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How Long Do Crows Live: 4 Natural Threats to The Blackbird

Crow Looking Dignified

Last Updated: May 24, 2022

Crows are upsetting predators that go by rummaging around, creating a mess, making loud noises, and foraging on farm crops. You're more likely to get irritated with them whenever they're around.

A murder, ironically, is a gathering of crows!

If you want to learn more about these scavengers and how long they can survive, keep reading!

Crow Facts In A Nutshell

The mischievous scavenger crow belongs to the genus Corvus including other birds such as ravens and rooks. These birds are all members of the Corvidae family, including bird species like jays, magpies, and nutcrackers. Crows are present worldwide, including in the United States and Canada. You can't find them in Antarctica, unfortunately.

Crows are opportunistic feeders that eat whatever is available and are not picky eaters. Therefore, they can eat grains, seeds, nuts, fruits, insects, rodents, frogs, worms, and even dead animals, earning them scavengers.

Interestingly, these medium-sized blackbirds are known to imitate the sounds of humans.

It's no surprise that some people wish to have them as pets and keep them in captivity. But with the nuisance that they create with their annoying behavior, such as plundering crops, making a lot of noise with their noisy caws, and taking eggs from other birds' nests, they started to think twice about adopting these birds as pets.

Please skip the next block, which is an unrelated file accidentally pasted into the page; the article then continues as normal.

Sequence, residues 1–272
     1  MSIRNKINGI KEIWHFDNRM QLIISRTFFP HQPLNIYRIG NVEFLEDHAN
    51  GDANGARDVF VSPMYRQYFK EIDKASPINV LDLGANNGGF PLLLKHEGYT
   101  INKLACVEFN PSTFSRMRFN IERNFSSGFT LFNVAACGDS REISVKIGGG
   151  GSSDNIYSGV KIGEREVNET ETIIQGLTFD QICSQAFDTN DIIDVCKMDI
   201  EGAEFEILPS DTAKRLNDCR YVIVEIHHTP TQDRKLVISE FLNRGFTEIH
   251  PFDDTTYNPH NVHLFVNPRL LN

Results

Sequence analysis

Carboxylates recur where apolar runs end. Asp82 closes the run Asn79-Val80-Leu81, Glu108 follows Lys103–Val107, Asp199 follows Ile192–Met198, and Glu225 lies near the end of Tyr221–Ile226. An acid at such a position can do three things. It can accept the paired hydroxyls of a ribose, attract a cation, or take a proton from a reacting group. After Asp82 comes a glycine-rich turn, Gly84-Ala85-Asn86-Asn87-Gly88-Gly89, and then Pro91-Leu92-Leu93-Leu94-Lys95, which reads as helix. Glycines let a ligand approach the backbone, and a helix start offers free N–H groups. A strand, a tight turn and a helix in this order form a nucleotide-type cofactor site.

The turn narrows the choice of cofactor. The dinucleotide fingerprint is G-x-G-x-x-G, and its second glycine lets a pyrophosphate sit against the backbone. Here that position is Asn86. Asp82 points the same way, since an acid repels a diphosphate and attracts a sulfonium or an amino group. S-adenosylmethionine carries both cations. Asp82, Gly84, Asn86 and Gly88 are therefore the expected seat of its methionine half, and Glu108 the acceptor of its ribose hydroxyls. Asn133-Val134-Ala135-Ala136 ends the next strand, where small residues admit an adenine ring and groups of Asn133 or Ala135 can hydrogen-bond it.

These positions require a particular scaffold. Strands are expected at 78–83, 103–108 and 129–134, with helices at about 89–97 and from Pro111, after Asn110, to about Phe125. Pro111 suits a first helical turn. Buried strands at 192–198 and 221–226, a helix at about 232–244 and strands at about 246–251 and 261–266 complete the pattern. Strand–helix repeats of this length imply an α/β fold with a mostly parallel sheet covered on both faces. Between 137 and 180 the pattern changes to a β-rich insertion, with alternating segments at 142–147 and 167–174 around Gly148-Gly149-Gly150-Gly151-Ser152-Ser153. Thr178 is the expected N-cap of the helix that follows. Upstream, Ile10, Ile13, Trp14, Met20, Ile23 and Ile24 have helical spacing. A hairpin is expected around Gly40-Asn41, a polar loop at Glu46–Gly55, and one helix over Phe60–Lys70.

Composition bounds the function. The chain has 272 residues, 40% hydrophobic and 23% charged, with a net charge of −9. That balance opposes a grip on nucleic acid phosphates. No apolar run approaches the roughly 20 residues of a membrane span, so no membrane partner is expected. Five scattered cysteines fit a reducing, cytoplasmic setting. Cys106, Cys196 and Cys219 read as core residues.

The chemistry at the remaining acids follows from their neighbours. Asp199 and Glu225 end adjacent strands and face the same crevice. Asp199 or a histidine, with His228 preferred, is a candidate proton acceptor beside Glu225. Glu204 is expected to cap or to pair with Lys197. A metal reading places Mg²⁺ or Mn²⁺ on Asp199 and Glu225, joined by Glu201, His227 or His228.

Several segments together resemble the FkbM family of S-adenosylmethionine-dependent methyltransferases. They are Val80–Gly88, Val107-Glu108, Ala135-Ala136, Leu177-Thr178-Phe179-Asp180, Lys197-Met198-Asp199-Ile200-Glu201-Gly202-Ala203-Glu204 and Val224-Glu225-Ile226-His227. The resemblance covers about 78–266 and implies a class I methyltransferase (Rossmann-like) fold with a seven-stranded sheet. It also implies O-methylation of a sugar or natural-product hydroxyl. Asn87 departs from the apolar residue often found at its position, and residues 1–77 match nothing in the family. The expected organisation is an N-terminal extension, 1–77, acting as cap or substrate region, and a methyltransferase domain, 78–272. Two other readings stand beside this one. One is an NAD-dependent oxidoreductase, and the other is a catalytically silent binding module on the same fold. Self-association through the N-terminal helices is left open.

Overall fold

Fun Fact: Despite its notoriety as a pesky animal, the crow is a common bird of Kentucky and quite popular with bird watchers!

How Long Do Crows Live In The Wild?

Most species of crows have an average life span of 7 to 8 years, but some can live longer in the right conditions. For instance, the Torresian crow can live for 20 years in the wild. This is almost the same for the Hooded crow, which can live for about 14 years, longer than the average expected life span of 7 to 9 years.

However, this is usually rare because most crows do not live to 1 year old and die before sexual maturity. 

From a study, 89% of American crows did not survive past their breeding season. Likewise, the Torresian crows, as just one in twenty of them survived their first year of independence.

This could be attributed to the fact that in the wild, these birds are exposed to harsh weather and environmental conditions, natural predators that threaten their survival. The young crows are usually the prey.

Thus, most young crows die before they mature into adult crows. Those lucky enough to survive can live for years, commonly 7 to 8 years. But, Carrion crows differ as they tend to live for 4 to 7 years.

How Long Do Crows Live In Captivity?

When kept in captivity as pets or case studies, the American crow can live for an average life span of 20 to 25 years. They have ample food supply, warm temperature, lesser attacks from predators, and low disease incidence. These factors can lengthen the life expectancy of crows. 

It has been reported that the crow named Tata is the longest living American crow, dying at the age of 59. Likewise, the Carrion crow, known to have a short life span, has been recorded living for about 20 years in captivity. 

Therefore, it has been concluded that crows in captivity tend to live twice their years in the wild.

The Life Stages Of A Crow

Crow

Crows have four life stages - breeding and nesting, nestling, fledgling, and adult stage.